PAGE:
One of the most frequent themes that comes through in discussions of mobile learning in the conference sessions and workshops that I do is a debate about whether “performance support” can be a form of mobile learning. People who argue that it is not seem to think that learning is something that only happens as a result of instruction or study, and not something that can happen on the job. But, learning is something that takes place at any
time and in any location where a person has discovered something new, no matter what the source or circumstances. Therefore we need to consider performance support that is delivered through mobile devices as a form of mobile learning.
The vision of mobile learning being used as a form of performance support goes back to some of the first publications on mobile learning. Diane Gayeski, in her 2003 book Learning Unplugged: Using Mobile Technologies for Organizational Training and Performance Improvement, certainly advances the case for mobile learning as performance support. There are a number of ways that performance support can be delivered using mobile devices, but the two most common approaches are the provision of “job aids,” and the availability of mentors via mobile devices.
Making job aids available mobile phones and tablets – Given that most of us have a mobile phone, and more and more of us have a tablet computer,
it is not surprising that some analysts see giving just-in-time assistance to employees as they need it as something that will be commonly offered in the near future. Job aids are especially appropriate for a mobile workforce. On the road there is often a need to find out a specific answer to a question, look up a set of directions, or to refresh one’s memory about a certain process. Sometimes, in emergency situations, we are called upon to carry out procedures for which we have no training. A mobile device can be very useful if it contains a set of procedures that we need or if we can contact an expert at another location who can then guide us through the emergency situation. Already there are examples of this in the medical field where a doctor who was not trained in a particular procedure was able to perform it by receiving text messages from a colleague who was familiar with the operation.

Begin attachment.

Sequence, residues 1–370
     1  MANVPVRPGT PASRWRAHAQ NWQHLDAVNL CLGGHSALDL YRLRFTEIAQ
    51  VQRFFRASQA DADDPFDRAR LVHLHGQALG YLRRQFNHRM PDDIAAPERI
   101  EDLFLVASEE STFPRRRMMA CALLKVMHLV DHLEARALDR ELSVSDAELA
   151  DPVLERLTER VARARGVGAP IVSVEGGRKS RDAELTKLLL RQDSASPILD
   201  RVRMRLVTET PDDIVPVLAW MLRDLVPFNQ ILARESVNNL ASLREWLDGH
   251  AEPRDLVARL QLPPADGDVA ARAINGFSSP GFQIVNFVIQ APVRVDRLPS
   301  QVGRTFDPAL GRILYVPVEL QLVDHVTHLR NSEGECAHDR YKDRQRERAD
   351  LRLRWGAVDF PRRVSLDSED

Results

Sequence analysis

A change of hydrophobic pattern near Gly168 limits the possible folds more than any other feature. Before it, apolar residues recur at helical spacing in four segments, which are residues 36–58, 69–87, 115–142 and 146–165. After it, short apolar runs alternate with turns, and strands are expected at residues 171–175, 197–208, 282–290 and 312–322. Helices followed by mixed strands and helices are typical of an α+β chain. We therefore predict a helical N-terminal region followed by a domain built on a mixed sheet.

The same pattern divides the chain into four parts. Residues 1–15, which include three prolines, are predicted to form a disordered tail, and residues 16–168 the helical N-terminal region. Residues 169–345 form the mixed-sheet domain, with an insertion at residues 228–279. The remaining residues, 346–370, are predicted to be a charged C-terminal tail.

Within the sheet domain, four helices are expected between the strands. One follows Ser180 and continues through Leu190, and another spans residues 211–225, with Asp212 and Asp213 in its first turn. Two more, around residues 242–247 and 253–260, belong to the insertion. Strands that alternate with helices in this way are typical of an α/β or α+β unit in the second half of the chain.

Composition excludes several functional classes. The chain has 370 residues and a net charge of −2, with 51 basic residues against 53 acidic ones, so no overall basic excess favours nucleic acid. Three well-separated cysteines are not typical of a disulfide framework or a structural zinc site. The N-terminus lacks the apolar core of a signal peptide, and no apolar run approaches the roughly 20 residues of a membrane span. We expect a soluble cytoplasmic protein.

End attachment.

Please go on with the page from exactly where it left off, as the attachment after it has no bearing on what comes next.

Mentoring, Support and Cognitive Apprenticeships – As we move away from the classroom model of training, learners often need mentoring,
psychological support and direction in terms of what they need to know in the workplace. Instead of being removed from the real job situation where knowledge is needed, mobile communications allow expertise to be available to the learner as they are performing a task. There are many examples of the use of mobile communications for just-in-time performance support and coaching, especially in the field of healthcare and medicine. The United Nations Foundation reports that the National Leadership and Innovation Agency for Healthcare introduced a radical approach to mentoring using social networking with guided learning principles. The University of Southampton’s MPLAT Project supported healthcare students in clinical placements with a mobile learning toolkit that included practice-based learning, mentoring and assessment using mobile devices.
In New Zealand, Chan and Ford (PDF) describe how apprentice bakers are supported in the workplace with mobile learning. The program uses text messaging to disseminate the results of both summative and formative assessments. The apprentice bakers use their mobile phones to take photos, videos, audio and text evidence of their workplace skills, and assemble an e-portfolio for later assessment by faculty. The whole system is tracked and reported using Moodle, an open-source learning management system. Similarly, workers in the oil sands industry in Canada can take courses from Keyano College through a mobile electrical apprenticeship program. This allows the students to continue working through their apprenticeship with no increase in their living expenses. The employers have the benefit of a steady workforce of highly skilled workers.
At the ICEL conference in New York in 2007, a team from Denmark presented a checklist for evaluating personal digital assistants (PDAs) as performance support to medical professionals. They said:
“The checklist facilitates the communication between designers and innovators throughout the development of…a prototype, dubbed ‘e-pocket’, [that] is supposed to replace and expand the support which inexperienced but professional physicians normally get from carrying books, paper slips and personal notes in their pockets, when on duty. The checklist addresses the key issue in developing professional competence: how to integrate formal rules of procedural and declarative knowledge with personal experience of problem-based learning.”
There are other examples of mobile learning being used for performance support, but this concept is just in its infancy. Watch it grow, as our ideas of learning and support change in the next few years.
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